On August 1, 2018, the New Jersey Supreme Court held that civil trial courts should look to the factors set forth in Daubert v. Merrell Dow Pharmaceuticals, 509 U.S. 579 (1993), in assessing the reliability of expert testimony. The opinion—In re: Accutane Litigation—adopted the Daubert factors, but specifically stopped short of declaring New Jersey a “Daubert jurisdiction.”
In the early 1990s, the New Jersey Supreme Court shifted away from the “general acceptance” standard for testing the reliability of scientific expert testimony in civil cases enunciated in Frye v. United States, 293 F. 1013 (D.C. Cir. 1923). It instead endorsed a methodology-based approach. See Landrigan v. Celotex Corp., 127 N.J. 404, 414 (1992); Rubanick v. Witco Chem. Corp., 125 N.J. 421, 447 (1991). The Court reasoned that parties should be permitted to present novel scientific evidence of causation if the trial court acts as a rigorous gatekeeper when reviewing an expert’s reliability and ultimately finds that the expert’s reasoning and methodology are sound. Two years later, in Daubert, the United States Supreme Court also abandoned the “general acceptance” test in favor of a methodology-based approach that entrusted trial courts with the role of gatekeeper. Thus, beginning in the early 1990s, New Jersey state courts considered similar factors to those in Daubert when evaluating expert testimony. Despite these similarities, the New Jersey Supreme Court never formally adopted Daubert or endorsed the factors identified in Daubert for state trial courts to use when performing the gatekeeper role.
In re: Accutane Litigation is a civil mass tort action in which the plaintiffs claim that Accutane, a prescription drug used to treat acne, caused Crohn’s disease, a gastrointestinal illness. A number of epidemiological studies have concluded that there is no causal relationship between Accutane and Crohn’s disease. The plaintiffs’ experts disputed the conclusions of those studies and claimed that Accutane can in fact cause Crohn’s disease. In seeking to exclude the plaintiffs’ expert testimony, the defendants challenged the methodology of plaintiffs’ experts as unreliable.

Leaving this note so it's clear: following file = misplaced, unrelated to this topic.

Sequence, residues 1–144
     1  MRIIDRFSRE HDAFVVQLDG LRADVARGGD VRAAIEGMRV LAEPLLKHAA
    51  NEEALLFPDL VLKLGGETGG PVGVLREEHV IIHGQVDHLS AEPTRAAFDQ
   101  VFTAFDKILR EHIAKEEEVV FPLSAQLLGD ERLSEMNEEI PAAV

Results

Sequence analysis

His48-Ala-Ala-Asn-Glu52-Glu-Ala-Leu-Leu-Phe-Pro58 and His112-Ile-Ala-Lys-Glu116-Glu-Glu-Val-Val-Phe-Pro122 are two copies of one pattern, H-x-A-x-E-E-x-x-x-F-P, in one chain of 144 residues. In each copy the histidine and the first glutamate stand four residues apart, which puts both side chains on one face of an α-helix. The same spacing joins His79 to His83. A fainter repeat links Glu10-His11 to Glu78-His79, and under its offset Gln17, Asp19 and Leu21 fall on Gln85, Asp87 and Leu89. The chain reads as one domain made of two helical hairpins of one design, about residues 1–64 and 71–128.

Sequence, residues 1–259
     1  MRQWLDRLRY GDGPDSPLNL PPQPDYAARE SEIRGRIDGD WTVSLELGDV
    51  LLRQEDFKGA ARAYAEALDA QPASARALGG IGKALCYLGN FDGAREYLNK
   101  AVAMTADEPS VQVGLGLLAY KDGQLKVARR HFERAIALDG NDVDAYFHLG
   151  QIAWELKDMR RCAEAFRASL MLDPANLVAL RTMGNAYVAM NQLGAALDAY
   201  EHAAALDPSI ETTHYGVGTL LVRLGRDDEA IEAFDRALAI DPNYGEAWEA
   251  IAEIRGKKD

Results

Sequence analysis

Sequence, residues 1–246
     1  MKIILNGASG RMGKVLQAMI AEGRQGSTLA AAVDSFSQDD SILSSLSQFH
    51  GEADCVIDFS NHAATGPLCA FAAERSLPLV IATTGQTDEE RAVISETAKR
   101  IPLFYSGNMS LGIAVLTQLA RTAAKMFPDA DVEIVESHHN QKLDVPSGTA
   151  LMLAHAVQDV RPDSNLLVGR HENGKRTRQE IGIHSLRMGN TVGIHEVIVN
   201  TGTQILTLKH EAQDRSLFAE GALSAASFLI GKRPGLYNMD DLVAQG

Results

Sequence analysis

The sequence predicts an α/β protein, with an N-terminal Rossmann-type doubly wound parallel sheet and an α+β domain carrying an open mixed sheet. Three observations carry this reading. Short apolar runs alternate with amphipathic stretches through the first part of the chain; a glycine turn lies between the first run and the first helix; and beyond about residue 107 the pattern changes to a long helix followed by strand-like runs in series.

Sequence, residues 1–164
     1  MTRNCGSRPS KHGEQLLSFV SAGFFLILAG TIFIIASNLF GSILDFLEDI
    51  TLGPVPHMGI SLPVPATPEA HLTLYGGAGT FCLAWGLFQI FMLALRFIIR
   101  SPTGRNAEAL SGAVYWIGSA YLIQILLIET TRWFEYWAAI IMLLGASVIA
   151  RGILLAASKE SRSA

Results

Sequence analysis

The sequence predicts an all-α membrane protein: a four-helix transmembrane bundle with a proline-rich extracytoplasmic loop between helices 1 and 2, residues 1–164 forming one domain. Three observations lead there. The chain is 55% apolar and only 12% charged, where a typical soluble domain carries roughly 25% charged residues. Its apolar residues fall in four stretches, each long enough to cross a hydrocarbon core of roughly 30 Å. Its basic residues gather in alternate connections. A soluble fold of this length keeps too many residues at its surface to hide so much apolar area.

The trial court ruled in favor of the defendants, excluding the plaintiffs’ expert testimony after finding that their methodology was unsound. The Appellate Division reversed, concluding that the plaintiffs’ experts employed a sound methodology and simply interpreted the data differently than the defendants’ experts.
The Supreme Court held that the Appellate Division erred in reversing the trial court’s exclusion of the plaintiffs’ expert testimony. The Court reaffirmed that appellate courts must apply an abuse of discretion standard when assessing whether a trial court has properly admitted or excluded expert scientific testimony in a civil case. The Court ultimately concluded that the trial court did not abuse its discretion in excluding the expert testimony because the trial court determined that the experts’ methodology was unsound after properly performing a robust analysis of the methodology used. The Court went on to clarify that in performing the gatekeeping role, trial courts should assess both the methodology that an expert uses to arrive at an opinion and the underlying data the expert uses in forming the opinion.
Most notably, the Supreme Court declared that the following non-exhaustive and non-dispositive list of Daubert factors should be incorporated for use by New Jersey courts:
- whether the scientific theory can be, or at any time has been, tested;
- whether the scientific theory has been subjected to peer review and publication;
- whether there is any known or potential rate of error and whether there exist any standards for maintaining or controlling the technique’s operation; and
- whether the scientific theory is generally accepted in the scientific community.
New Jersey’s formal adoption of the Daubert factors in civil matters will aid trial court judges in their role as the gatekeepers of scientific expert testimony. It will also provide counsel with issues to consider in retaining and working with experts. Counsel should evaluate their own experts’ methodology against the Daubert factors to protect against the risk that their experts’ opinions will be excluded. Similarly, counsel should refer to the Daubert factors as a roadmap in preparing to take and defend expert depositions, as well as preparing arguments for Rule 104 hearings which evaluate the admissibility of expert testimony.